Here is the thing about making chicken soup, it isn’t a fast process. Maybe your mom used to basically add a few bouillon cubes to water, dump in some veggies and noodles and make instant soup, which honestly tastes pretty good- but that isn’t what we are going for here. We’re going for your great-great-grandma's version. You have to be patient and just let this happen slowwwlllyyyyy. So make it on a cold day, start it early, go about your business.
I like a stock that is made with roasted bones the best. If you happen to make roast chickens often I highly recommend storing the bones in a zip-lock bag in the freezer and pulling them out when it’s chicken soup time. If you don’t have bones then you can just request that the butcher cut up a chicken into 8 pieces and maybe toss in an extra back bone and neck.
What’s a matzo ball you might ask? In a word, a dumpling. A dumpling that really absorbs the taste of your broth and is light yet filling, flavorful yet doesn’t overpower whatever veggie lives in your soup bowl.
NOTE- if you don’t want to make the matzo balls from scratch you can buy a box of matzo ball mix in any grocery store, add oil and eggs and proceed.
This stock freezes really well so I always make A LOT and keep it around for the next soup.
- 1 chicken, cut into 8 parts (make sure the butcher gives you the back and neck)
- 3 carrots
- 1 onion
- 1 parsnip
- 2 stalks of celery ( don’t you wish you could just buy that?)
- 1 bunch of dill
- 1 bunch of parsley
- 1 bay leaf
- 1 teaspoon peppercorns
Matzo Balls (this part of the recipe is straight up stolen from Joan Nathan’s NYT matzo balls because why fix what isn’t broken?):
- 4 large eggs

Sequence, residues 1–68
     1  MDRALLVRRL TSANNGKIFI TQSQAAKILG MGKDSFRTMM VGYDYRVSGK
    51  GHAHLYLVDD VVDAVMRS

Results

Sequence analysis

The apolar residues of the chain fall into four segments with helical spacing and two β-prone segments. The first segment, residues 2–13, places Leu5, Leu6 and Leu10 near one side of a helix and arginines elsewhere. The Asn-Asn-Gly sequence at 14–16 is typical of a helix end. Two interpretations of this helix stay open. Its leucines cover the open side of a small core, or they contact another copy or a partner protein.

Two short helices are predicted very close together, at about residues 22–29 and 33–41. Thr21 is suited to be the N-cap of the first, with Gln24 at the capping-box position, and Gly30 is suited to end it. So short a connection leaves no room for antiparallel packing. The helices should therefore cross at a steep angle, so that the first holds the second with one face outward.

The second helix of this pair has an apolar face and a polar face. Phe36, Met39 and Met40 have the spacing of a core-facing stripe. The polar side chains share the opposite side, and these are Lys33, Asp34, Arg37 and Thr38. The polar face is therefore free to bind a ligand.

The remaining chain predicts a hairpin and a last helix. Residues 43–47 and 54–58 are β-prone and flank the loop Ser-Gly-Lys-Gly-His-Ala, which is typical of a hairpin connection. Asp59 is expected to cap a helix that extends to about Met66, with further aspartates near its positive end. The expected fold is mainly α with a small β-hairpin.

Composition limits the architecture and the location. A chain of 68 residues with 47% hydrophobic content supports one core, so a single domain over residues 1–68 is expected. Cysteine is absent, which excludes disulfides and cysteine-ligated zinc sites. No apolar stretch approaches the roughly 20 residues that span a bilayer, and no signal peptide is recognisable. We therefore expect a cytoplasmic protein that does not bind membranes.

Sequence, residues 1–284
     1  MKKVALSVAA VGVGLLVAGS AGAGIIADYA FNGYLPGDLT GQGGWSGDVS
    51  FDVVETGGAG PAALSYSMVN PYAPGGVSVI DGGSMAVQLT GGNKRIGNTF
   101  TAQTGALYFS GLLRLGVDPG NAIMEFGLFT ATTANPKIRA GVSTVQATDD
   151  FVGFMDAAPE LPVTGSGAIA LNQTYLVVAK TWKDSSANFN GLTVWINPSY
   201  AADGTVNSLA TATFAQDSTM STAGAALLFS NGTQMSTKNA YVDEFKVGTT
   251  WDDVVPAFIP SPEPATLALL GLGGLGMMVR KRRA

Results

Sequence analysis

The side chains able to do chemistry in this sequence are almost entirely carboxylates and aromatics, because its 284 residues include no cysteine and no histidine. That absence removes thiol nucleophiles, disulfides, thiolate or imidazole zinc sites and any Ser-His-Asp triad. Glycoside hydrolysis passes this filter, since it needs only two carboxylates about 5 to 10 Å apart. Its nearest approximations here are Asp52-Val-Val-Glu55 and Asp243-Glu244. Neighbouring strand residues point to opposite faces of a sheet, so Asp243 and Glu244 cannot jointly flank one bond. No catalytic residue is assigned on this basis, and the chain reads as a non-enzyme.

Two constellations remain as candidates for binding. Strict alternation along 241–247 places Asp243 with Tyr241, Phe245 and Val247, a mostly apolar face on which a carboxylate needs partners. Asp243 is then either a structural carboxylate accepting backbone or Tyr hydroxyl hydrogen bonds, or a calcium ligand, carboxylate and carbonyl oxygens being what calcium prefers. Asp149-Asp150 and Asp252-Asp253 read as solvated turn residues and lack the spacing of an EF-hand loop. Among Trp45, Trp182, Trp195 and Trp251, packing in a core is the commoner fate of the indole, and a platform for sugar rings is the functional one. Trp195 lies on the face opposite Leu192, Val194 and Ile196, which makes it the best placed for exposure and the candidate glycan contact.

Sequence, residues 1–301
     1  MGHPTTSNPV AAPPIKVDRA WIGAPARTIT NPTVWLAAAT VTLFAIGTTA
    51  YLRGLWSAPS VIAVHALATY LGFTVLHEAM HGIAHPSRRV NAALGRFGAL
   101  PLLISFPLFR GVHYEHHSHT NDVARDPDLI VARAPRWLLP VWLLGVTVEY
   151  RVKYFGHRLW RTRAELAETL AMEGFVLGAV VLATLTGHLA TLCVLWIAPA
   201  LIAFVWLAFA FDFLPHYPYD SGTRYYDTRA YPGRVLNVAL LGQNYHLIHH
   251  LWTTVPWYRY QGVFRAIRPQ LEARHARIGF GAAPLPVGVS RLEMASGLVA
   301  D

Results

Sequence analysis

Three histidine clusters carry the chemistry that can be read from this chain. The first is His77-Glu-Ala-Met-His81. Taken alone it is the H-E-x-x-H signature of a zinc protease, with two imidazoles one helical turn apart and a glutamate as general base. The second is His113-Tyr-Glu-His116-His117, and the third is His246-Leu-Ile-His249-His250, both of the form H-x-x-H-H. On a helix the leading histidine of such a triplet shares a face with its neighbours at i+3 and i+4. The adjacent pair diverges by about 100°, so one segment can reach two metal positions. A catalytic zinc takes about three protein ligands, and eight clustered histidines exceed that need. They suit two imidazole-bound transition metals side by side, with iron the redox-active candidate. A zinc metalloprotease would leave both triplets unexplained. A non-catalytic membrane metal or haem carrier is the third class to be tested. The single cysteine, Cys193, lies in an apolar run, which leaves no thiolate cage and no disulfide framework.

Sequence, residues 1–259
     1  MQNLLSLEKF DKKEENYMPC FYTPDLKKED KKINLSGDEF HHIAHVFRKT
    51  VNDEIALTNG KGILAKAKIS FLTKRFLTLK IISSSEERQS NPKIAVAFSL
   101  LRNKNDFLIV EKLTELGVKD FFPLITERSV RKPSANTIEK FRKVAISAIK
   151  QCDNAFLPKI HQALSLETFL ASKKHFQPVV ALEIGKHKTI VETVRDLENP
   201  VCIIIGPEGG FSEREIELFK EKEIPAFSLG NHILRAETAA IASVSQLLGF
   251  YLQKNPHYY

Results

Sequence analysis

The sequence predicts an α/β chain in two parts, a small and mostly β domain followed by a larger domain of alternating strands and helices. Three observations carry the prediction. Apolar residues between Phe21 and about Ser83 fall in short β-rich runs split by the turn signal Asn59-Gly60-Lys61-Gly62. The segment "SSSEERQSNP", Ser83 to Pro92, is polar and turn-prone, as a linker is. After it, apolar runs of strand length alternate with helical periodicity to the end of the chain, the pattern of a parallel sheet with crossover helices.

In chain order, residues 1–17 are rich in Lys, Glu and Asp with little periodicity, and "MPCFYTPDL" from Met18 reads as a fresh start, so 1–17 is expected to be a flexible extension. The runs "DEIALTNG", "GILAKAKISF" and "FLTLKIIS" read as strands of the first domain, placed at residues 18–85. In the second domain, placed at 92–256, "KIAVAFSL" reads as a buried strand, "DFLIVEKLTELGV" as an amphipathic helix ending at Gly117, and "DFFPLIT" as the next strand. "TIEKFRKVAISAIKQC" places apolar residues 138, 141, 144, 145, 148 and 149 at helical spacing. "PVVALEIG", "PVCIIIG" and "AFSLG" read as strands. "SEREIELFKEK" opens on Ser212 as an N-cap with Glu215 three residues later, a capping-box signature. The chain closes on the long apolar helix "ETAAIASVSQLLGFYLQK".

- ¼ cup schmaltz (aka chicken fat)
- 1 cup matzo meal (or ground matzo)
- ¼ cup chicken broth
- ¼ teaspoon ground nutmeg
- 1 or 2 tablespoons fresh ginger (grated)
- 2 tablespoons parsley and dill (chopped)
- 1.5 teaspoons salt
- pinch of black pepper
- Fill a BIG stock pot with water and add in the carrots, half the dill, half the parsley, onion, celery, parsnip, bay leaf, peppercorns and chicken and bring to a boil
- Reduce to a simmer and let it cook slowly for an hour and a half
- Chicken should be pretty tender, remove it and put aside
- Once the meat is cool enough to handle separate the meat from the bones and throw the bones back into the pot
- Put chicken meat in fridge
- Simmer for a few hours until it’s a luscious golden color (NOTE-good time to start making your matzo balls)
- CAREFULLY strain the liquid into another large pot and discard the soggy sad limp vegetables and bones that are left in the strainer
- Salt to taste (you're going to need lots of salt) and serve with the matzo balls, or reheat whenever you want
- In a big ass bowl combine all the matzo ball ingredients
- Mix it all together and refrigerate for a few hours, if you’re in a rush, you can also put it in the freezer for a bit
- Bring a large pot of water to boil, add a tablespoon or so of salt
- Form the balls to be about the size of a vending machine-sized jumbo gum ball (it can be easier to form the matzo balls if your hands are wet)
- Carefully drop them in the water and reduce the heat to a simmer
- Cook for about 30 minutes and then add them to your soup
When you’re ready to serve, top the soup with some fresh ground pepper and the rest of the dill and parsley.